Caedmon is the earliest known English Christian poet. He started life as a cowherd in the lands of St. Hild's monastery at Whitby, while she was Abbess there.
At that stage he was illiterate, but probably Christian, but, when the labourers entertained each other with songs after supper, he was embarrassed because he felt unable to join in. One night he took refuge in the cowshed and there, in a dream or a vision, a man or an angel stood by him and asked him to sing. 'I can't', said Caedmon. 'You must and you shall', said the heavenly visitant. 'Sing about the creation of all things.' And Caedmon found that he could, and did.
Next day, when the story was told to the Abbess, she asked him as a test to compose on a theme she chose. Then she admitted him to the monastery as a lay brother. He was not asked to learn to read Latin. The Bible stories were told to him and he turned them into English songs, to be used to help the newly-converted English in their faith.
He lived the rest of his life devoutly in the monastery, and had a premonition of the time of his death. Then, though apparently in perfect health, he asked to be taken to the house where the dying were cared for, and to receive communion. He cheerfully said good-bye to the brothers, calmly fell asleep, and so died.
His poetry has not survived, except for a few lines from the original song in the cowshed, quoted by Bede in Latin.
Herefrith was a monk of Lindisfarne in the seventh century, a younger contemporary of St. Cuthbert. He was very useful to Bede in giving him information when Bede was writing his Life of Cuthbert. It seems that Herefrith had first been a monk at Melrose, another monastery founded by Aidan, where Cuthbert also had been in his earlier days. So Herefrith was able to describe to Bede the death of Cuthbert's great friend, Boisil, the prior of Melrose. Boisil died of the plague, like so many others at the time. But he spent his last few days with Cuthbert reading through St. John's Gospel together.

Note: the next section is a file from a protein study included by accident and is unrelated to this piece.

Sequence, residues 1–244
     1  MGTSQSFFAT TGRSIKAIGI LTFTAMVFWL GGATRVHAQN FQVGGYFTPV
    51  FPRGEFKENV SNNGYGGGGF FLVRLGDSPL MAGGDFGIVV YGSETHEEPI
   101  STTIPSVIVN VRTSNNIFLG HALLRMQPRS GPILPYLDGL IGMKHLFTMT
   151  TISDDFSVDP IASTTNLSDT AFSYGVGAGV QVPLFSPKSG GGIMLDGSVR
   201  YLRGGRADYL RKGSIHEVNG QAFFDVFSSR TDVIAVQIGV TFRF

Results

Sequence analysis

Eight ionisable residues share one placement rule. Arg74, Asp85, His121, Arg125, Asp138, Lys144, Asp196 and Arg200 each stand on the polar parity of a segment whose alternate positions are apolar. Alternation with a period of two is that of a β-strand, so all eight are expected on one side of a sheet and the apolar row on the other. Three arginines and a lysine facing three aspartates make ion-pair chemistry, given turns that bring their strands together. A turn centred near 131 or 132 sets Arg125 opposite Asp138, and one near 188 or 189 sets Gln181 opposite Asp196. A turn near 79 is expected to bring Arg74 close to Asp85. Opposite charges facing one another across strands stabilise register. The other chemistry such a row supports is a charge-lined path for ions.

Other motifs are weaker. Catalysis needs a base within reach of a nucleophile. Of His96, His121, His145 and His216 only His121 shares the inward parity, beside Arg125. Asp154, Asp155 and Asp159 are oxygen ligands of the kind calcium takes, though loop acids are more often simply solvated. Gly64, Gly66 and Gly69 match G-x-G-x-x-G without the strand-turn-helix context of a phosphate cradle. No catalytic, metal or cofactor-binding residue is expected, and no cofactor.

At some point Herefrith moved to Lindisfarne. He seems to have a gift for getting to know people, and he got to know the Abbess of Whitby, Aelflaed, who had succeeded St. Hild. It was a very small world then! She also was a friend of Cuthbert and she described to Herefrith two miraculous cures in her own community by means of a girdle sent to her by Cuthbert. Herefrith gave the information to Bede.
But, most important, Herefrith was one of the small group of monks who were with Cuthbert on the Inner Farne when he died. He gave the very detailed account of Cuthbert's last hours which appears in Bede.
At some point Herefrith became Abbot of Lindisfarne, and then probably a hermit. We know little more about his life. But through him we get some insight into the way Bede worked, as he gathered the information for his best-known 'historical' works.